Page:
A canny mix of expertise, persistence and pragmatism has brought Sen. Daniel Patrick Moynihan to the brink of achieving his longtime goal of radically reshaping the country's Depression-era welfare system.
But the professorial New York Democrat, a leading thinker on poverty and welfare problems since the 1960s, faces critical tests of personal and political diplomacy in the upcoming battle over what type of welfare bill will go to the White House.The Reagan administration is on one side seeking shorter welfare rolls and ever more stringent work requirements for those that remain; the House is on the other with a five-year, $7 billion plan that would add families to the rolls and reward states that raise cash benefits.
In the middle are Moynihan and his delicately balanced bill, which won a ringing 93-3 endorsement Thursday night on the Senate floor.
The Family Security Act is ambitiously described as a way to turn an outmoded income maintenance system into a jobs, education and training program in tune with today's realities. Yet its cost - $2.8 billion over five years - is relatively modest. To welfare recipients, the bill both offers opportunities and dictates responsibilities; for states, too, it mixes mandates with incentives.
For 18 months Moynihan has pressed the bill gently, academically, with eloquent lectures on the history of the welfare system (a widow's benefit, established in 1935); the status of children today (one in four born into poverty, no other age group is as poor); the coming labor crunch ("we need all our children now, as never before in this century; thus indeed does necessity reinforce compassion").
He's also been relentless in pursuit of his unlikely coalition.
"I do not know how many letters I have (from Moynihan) in my office," Senate Republican Leader Bob Dole, R-Kan., said Thursday before the bill passed.
Referring to his ill-fated presidential bid, Dole added, "Some even came when I was not around, saying, `I know when you come back you will be interested in welfare reform.' . . . There is no question about it. Without his effort, we would not be here today."
There were early signs that Moynihan's quest might bear bipartisan fruit. For instance, an aide to Sen. Thad Cochran, a Mississippi Republican, called early on to ask that the senator be listed as a co-sponsor.
"Has Sen. Cochran read the bill?" responded an astonished Moynihan aide.
"Oh yes," came the reply. "He really wants to be on it."
On the House side, matters took a different turn. Democrats and Republicans emerged from cordial but unsuccessful committee negotiations and said they had unalterable, fundamental, philosophical differences on welfare.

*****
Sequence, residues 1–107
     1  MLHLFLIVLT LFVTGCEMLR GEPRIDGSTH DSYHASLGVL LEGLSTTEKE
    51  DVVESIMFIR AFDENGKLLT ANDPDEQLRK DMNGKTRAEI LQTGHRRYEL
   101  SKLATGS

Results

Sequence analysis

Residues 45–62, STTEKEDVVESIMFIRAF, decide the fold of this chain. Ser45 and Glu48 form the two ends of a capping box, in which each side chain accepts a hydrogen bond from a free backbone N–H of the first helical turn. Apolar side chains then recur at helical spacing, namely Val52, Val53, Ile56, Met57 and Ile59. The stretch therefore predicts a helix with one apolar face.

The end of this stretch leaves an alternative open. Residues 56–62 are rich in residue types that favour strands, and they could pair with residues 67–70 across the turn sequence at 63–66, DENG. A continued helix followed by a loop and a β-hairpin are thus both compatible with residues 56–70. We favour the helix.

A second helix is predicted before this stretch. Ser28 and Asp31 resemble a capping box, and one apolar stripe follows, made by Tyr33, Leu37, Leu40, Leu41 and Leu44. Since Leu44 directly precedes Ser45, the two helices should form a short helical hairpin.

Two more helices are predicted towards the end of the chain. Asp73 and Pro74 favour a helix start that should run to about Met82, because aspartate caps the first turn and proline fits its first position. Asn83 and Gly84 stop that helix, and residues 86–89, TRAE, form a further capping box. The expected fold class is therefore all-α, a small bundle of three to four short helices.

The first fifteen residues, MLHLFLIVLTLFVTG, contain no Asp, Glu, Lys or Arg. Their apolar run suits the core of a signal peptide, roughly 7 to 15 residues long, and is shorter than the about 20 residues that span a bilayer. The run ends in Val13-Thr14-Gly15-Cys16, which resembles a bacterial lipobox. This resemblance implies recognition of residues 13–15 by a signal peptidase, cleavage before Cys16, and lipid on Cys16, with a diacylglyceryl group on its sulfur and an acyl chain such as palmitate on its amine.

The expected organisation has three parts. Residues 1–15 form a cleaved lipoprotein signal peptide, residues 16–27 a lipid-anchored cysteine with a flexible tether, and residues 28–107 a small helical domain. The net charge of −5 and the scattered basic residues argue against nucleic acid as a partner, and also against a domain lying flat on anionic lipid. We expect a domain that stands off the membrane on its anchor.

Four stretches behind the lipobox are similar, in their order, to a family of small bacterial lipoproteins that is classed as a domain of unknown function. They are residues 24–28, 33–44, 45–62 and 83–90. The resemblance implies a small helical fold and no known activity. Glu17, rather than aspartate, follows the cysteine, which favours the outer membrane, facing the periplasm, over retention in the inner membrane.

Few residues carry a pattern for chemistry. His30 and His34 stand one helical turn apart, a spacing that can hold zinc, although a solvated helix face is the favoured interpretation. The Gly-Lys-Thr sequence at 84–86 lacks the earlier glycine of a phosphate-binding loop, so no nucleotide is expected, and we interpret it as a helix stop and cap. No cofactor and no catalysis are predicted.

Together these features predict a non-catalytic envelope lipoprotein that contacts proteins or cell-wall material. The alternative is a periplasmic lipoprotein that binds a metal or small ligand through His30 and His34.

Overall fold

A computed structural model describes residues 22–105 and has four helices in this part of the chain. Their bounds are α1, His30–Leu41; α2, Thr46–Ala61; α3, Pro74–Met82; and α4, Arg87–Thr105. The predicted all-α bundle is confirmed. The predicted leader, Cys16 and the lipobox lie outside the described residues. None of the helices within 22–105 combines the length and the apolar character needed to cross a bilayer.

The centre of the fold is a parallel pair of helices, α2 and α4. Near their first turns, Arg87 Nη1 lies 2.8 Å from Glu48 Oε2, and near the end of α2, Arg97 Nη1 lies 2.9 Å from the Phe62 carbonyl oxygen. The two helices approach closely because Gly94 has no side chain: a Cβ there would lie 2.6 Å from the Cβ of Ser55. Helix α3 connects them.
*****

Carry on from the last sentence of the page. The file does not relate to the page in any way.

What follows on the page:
The 230-194 vote, split largely along party lines, reflected the unhappiness of GOP members and the obligation many Democrats felt to side with their leadership. Moderates in both parties pined wistfully for something that looked more like the Moynihan bill.
Rep. Tom Downey, D-N.Y., fell into the job of chief House welfare booster last year after Rep. Harold Ford, D-Tenn., was indicted on tax fraud and other charges and had to relinquish his chairmanship of the House subcommittee that handles welfare.
"It's an accident of fate," Downey said. Of Moynihan, whom he calls a close friend, Downey says, "I studied at his feet."
Downey jokes that he and Moynihan launched private House-Senate negotiations hours after the Senate bill passed - in the Green Room Friday morning at NBC-TV, while Moynihan's makeup for the "Today" show was being applied.
"We started right in," Downey said. "When we're together, we waste no time. We talk about welfare. It's a matter of great interest to both of us."
The House-Senate conference actually will start early this summer. Downey is promising a "hotly fought" battle over whether states should receive extra money for raising their benefits, as called for in his bill. He's also planning to try to up the Senate ante on money for state jobs programs and keep the House bill's mandatory year-round benefits to poor two-parent families - as opposed to the six-month-a-year minimum approved by the Senate.
Nevertheless, Downey insists, "There are not deep ideological fissures here that can't be overcome . . . We all believe that it's work, training and education that will make the difference to welfare recipients."
The White House is the wild card in the welfare equation. Senators complained repeatedly during a week of negotiations before they passed their bill that they were confused about what the administration wanted.
"It's sometimes as if we're talking about another piece of legislation entirely, in another time period," Moynihan mused at one point.
The mixed signals continued after the vote, with White House spokesman Marlin Fitzwater saying the administration had not decided yet whether the Senate bill was acceptable - and who knew what might happen to it in conference with the House.
Moynihan, besieged after the Senate vote by questions about problematic House demands and possible White House vetoes, answered the queries with one of his own: "Can't I just savor 93-3 for a night?"